To Pennsylvania, friedwise
CHEAP EATS Tell you what I'm not eating this week: I'm not eating funnel cake, Amish whoopie pies, fried pickles, or fried macaroni and cheese. I'm not eating Running Deer potato pancakes, Grotto's pizza, May's barbecue, Mootz's fudge, Hewlett's hot sausages, Bowman's French fries, Cain's chicken and waffles, Top-of-the-Beef's pit-roasted sandwich, or fire-roasted sweet corn. I'm not washing all these things down with three different colors of birch beer.
The river crested at 32.75 feet and the Bloomsburg Fair was cancelled. First time ever, 156 years. We cooked for two days until we had filled Hedgehog's mom's freezer with frozen lasagne and wedding soup, and then we got the hell out of Dodge while the gettin' was half decent. There was a couple-hour window of opportunity between the interstate being reopened and all the surface streets being closed on account of barns and tool sheds floating down them.
We splashed right through that window to Ohio, to my nephew's wedding and to C. Staples, the last-standing of Youngstown's locally famous fried barbecued chicken joints. Where, craving smoke, I got ribs on the side; but the ribs weren't true barbecue either. They were just ribs. And barbecue sauce.
Hedgehog failed to see the humor in this.
"You have to grow up with it, I guess," I said, glorying in my sauce-soaked white bread. It's a good sauce, sweet and strangely gritty, but Hedgehog couldn't keep her head in the game. She kept going on line and looking at pictures of her hometown's washed-away bridges and half-underwater homes. The whole time we were in Ohio she'd be eating chickens with one hand and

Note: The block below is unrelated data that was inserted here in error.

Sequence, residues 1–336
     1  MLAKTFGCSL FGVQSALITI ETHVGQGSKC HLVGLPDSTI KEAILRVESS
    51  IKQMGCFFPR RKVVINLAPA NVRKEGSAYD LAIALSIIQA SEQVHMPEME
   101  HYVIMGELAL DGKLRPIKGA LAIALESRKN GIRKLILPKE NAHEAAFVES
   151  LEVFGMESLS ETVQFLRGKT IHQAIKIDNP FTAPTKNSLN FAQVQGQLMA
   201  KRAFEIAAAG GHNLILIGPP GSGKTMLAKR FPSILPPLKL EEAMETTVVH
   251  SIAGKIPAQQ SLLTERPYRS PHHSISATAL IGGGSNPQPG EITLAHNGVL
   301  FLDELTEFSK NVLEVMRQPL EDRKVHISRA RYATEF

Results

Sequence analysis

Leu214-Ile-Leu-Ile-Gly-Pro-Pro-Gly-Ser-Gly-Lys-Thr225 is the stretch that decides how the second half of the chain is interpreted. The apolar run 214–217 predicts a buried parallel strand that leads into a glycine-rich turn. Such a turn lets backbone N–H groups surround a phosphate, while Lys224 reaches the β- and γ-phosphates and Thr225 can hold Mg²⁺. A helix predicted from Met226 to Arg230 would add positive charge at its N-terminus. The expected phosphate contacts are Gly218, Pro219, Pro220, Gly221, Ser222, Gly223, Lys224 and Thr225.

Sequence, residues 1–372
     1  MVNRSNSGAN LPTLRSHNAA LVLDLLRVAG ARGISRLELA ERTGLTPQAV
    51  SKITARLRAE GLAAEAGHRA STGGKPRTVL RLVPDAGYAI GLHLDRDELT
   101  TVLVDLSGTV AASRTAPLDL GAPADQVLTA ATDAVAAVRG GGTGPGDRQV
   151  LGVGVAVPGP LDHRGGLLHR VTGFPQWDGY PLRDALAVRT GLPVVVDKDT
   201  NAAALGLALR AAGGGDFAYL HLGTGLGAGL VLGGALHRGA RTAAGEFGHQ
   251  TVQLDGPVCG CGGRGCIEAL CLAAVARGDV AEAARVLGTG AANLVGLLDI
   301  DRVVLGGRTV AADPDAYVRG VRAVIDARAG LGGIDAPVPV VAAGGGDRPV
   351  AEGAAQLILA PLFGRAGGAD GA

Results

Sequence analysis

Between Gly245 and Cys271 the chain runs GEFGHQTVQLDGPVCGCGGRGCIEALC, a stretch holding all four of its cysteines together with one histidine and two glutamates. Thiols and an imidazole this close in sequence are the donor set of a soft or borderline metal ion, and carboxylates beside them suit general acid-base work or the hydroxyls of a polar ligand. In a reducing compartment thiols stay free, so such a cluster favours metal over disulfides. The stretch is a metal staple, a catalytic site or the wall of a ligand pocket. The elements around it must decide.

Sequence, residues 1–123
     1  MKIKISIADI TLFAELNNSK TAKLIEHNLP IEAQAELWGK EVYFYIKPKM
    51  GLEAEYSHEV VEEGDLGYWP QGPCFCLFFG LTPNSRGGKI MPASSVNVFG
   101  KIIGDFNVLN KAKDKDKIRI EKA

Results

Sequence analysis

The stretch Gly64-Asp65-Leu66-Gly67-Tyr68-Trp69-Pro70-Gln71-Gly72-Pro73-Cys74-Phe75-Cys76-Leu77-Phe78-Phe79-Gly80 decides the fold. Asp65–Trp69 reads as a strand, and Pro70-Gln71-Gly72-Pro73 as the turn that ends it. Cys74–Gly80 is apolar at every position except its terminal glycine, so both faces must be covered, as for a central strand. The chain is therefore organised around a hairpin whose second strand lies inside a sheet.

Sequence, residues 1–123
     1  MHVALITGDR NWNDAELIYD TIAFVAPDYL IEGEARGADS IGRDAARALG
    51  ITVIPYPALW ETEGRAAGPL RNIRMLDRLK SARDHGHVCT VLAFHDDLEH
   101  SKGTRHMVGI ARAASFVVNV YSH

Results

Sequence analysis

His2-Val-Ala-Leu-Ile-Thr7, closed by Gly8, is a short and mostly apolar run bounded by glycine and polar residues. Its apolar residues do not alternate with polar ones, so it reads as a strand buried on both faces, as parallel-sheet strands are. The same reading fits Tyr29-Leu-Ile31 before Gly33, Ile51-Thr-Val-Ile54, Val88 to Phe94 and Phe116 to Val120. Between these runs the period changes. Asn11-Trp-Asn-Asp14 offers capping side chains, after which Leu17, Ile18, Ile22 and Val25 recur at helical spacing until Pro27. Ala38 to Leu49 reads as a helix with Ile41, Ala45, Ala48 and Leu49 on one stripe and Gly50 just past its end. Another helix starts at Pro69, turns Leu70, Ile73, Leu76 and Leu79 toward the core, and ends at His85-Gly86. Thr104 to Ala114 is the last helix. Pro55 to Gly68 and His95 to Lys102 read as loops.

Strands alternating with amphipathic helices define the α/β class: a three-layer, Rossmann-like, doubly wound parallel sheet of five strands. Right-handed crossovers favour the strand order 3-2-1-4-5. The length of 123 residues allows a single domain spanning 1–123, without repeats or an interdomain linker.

Twittering and Facing Book with the other.
I said, "Okay. Maybe we should go back, see if there's anything we can do to help ..."
Of course, at that time they hadn't officially cancelled the fair yet, so we were planning to go back anyway, eventually, the last week of the month.
That's this week! And the only reason I even know what I'm missing in Central Pennsylvania, friedwise and otherwise, is because all year this year, probably since before I met Hedgehog, she's been telling me about the fair the fair the fair. Even her friends in New Orleans, New Jersey and New York were talking about it. The fair! They were going. They had been. They all had favorite stands and strategies: what to eat first. What to save room for ...
Argh, talk about wait till next year!
Anyway, it took us a few days back in the state-of-emergencied disaster area to find anyone to help. First we joined a mud-out crew and went around with shiny donated shovels and brand new five-gallon buckets looking for work, but the only useful thing I did that day was help carry a soggy box spring to the curb.
See, the thing about God- and neighbor-fearing people, it turns out, is that no matter how sunk they are, they would rather help than be helped. Everyone wants to volunteer — and no one needs anything. Their whole first floor and basement are in pieces on the curb, yet they feel pretty lucky, somehow, and at any rate don't need sandwiches.
We soon realized the only way to be truly useful to these strong, good people was to accept their help. And then was the chicken farmer in national disaster area heaven, going from church to church to fire department trying to look pathetic and eating their bean soup, corn chowder, and chopped ham sandwiches before they went to waste.
On the third day we had the advantage of actually being muddy and exhausted for one of these meals, on account of our friend Sue's brother had gotten soggy up to his kitchen cabinets — the up-high ones. When we left there, the curbside pile of drywall, soggy insulation, cracked linoleum, etc., was almost as high as the roof.